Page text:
Does architecture influence real estate pricing?
Whilst the answer is obvious for the luxury segment, any number of hedonic pricing models do not offer conclusive evidence that it does so in the mid-income segment of the market. So many variables go into the final price discovery of the asset - floor plans, views, community, supply, mortgage rates, maintenance rates, etc - that it becomes complicated to delineate the effect architecture has on the overall pricing.
Perhaps, this is why in the mid-end, apartment sizes and styles converge in the primary market, and only in the secondary market do we see a price divergence emerging after a few years. However, there can be no doubt that the architecture and design of the building have positive externalities, not only specifically for the asset itself but for the community as a whole. This merits further scrutiny.
A private market for good architecture can only exist if users of the building have a willingness to pay a price higher than the opportunity cost to the developer of creating such buildings. Lost in the marketing material at the mid-end, where price sensitivity is at its highest, variables such as space, amenities and quality start to dominate any pricing model.
A cookie-cutter look
However, as communities develop in aggregate, developers either coalesce to provide essentially homogenous spaces and amenities and/or create enough product differentiation that can then lead to higher prices being demanded. In a macro environment, the greater the product variability, the greater the price differentiation.
But as prices creep up in the mid-end of the market, the TOM (time on market) the asset takes to sell starts to elongate. In an obvious sense, there is thus a tradeoff between the price of the asset and the time it takes to sell. However, in the process of price discovery mechanics, there is the qualia variable of the aesthetic.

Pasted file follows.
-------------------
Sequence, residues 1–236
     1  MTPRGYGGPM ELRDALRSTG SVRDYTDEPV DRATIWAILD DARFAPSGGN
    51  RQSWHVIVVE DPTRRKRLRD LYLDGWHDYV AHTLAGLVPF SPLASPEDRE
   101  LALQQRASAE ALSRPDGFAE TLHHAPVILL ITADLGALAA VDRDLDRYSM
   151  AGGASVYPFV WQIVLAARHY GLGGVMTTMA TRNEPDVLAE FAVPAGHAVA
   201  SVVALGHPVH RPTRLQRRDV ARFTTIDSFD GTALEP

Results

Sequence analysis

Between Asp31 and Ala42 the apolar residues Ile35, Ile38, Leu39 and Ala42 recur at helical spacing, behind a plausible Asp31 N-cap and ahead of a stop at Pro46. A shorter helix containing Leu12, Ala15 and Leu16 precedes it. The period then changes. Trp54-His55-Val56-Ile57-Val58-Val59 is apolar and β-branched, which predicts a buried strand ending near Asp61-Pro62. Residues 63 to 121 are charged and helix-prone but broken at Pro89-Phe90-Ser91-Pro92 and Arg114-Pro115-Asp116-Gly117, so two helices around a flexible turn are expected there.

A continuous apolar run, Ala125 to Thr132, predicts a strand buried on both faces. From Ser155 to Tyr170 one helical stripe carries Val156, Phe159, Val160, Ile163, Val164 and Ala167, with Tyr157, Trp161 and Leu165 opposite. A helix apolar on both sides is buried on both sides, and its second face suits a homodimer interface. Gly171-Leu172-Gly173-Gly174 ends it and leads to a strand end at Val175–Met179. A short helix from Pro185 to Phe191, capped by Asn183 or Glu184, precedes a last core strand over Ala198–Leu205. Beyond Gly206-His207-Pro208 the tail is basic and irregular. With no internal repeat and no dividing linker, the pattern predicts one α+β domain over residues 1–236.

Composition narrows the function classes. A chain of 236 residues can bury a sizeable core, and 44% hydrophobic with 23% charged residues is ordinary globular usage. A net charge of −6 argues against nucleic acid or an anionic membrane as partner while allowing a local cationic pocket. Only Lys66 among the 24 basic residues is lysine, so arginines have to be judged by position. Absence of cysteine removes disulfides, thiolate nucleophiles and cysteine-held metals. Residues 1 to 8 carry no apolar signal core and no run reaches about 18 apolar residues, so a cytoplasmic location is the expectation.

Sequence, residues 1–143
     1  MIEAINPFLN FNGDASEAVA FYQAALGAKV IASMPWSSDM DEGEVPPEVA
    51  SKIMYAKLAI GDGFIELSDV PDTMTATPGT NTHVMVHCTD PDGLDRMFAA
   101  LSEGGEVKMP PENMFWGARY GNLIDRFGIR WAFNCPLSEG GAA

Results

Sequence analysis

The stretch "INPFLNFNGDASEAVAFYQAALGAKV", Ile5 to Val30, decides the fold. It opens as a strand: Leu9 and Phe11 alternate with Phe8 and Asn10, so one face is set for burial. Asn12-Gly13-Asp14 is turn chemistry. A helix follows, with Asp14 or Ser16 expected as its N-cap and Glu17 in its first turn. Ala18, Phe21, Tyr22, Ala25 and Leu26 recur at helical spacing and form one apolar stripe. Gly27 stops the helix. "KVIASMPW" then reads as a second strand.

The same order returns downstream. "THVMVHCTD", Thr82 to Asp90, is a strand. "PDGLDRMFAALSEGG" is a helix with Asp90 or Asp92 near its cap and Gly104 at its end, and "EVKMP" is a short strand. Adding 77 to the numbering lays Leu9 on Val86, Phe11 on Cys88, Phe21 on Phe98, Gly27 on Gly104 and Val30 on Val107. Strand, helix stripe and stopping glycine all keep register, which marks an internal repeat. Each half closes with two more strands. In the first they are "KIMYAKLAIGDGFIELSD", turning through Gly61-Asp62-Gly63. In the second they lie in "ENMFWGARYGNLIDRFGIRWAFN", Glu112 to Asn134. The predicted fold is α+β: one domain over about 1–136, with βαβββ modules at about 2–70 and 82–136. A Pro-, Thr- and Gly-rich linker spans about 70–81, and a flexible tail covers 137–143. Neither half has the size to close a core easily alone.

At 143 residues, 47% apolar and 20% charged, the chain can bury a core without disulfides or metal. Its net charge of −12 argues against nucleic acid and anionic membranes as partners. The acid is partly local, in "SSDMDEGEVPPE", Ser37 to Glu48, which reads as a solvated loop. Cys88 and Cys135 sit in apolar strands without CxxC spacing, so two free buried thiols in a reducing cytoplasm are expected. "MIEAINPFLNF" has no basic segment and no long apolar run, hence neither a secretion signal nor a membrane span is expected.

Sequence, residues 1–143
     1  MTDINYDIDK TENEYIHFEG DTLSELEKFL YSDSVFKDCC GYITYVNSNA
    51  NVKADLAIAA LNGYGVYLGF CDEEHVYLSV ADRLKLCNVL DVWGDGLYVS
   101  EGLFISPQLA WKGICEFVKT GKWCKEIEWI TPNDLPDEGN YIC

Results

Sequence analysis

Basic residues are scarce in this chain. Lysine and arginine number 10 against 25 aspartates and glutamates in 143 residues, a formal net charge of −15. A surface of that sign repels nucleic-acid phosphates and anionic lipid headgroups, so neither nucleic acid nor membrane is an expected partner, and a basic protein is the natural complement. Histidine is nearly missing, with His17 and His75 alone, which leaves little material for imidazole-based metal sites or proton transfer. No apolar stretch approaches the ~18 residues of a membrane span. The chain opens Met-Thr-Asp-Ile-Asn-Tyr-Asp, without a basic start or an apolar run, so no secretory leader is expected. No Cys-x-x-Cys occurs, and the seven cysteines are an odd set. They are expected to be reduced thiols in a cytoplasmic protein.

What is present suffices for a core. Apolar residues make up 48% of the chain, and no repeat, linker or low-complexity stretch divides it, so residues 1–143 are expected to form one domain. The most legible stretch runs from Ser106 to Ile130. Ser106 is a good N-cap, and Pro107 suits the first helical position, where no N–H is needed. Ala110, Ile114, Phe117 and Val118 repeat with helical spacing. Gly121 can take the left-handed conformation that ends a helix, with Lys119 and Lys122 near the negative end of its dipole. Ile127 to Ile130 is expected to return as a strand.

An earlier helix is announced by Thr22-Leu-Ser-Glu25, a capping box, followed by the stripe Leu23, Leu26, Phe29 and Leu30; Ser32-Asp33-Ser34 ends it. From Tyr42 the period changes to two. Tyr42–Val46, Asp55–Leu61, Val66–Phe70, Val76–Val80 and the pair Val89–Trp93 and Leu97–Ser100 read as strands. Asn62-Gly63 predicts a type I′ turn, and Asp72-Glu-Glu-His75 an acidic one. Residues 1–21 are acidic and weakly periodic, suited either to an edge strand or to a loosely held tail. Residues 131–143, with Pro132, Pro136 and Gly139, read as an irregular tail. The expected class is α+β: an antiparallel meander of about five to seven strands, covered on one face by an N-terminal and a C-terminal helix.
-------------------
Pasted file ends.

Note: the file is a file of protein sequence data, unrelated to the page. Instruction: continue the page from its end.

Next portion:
Generally speaking, as the product moves to the higher end of the spectrum, modern and European styles start to dominate architectural design and form part of the price discovery process. In the mid-end, what we see is that views, amenities and sizes start to dominate the pricing models.
Even here, however, there have been studies conducted that show variables such as landscaping having an impact of as much as 3-4 per cent on the overall pricing of the asset. Since there are a number of stakeholders with each of them valuing their costs and benefits differently, studies have been inclusive in the academic community. When we look at micro-level building analysis, the results start to swim into focus.
In JVC, the impact appears to be the greatest, where the difference in pricing between any two buildings in a multivariate pricing model, attributes such as corridor space, external façade styles, and landscaping account for as much as 20 per cent differential in pricing. In areas like Sports City and Discovery Gardens, where the product is more homogenous, similar studies did not reveal any price differentials.
This lack of price differentiation then starts to feed on itself in the form of longer TOM periods and insufficient demand (misconstrued as excess supply in the past). To be sure, these studies are based on listings, surveys and TOM factors, but the results are nonetheless clear: good design has a tremendous impact on the pricing of mid-income real estate assets.
This is not surprising to us and was even articulated more than 70 years ago by Le Courbusier in his “toolbox” from idea to building, when he stated “Price is not merely about numbers; it is a satisfying sacrifice”.
The value of architecture in a mid-income community emerges over time, both as social positive externalities as well as private value adds. In Dubai, the expression of this has been most visible in areas like JVC.
More importantly, developers have started noticing this trend and have responded with vigour in adding value to other communities. This is a trend that is likely to be accelerated as the market starts to re-emphasize the mid-income segment, especially in response to the current environment of rising interest rates.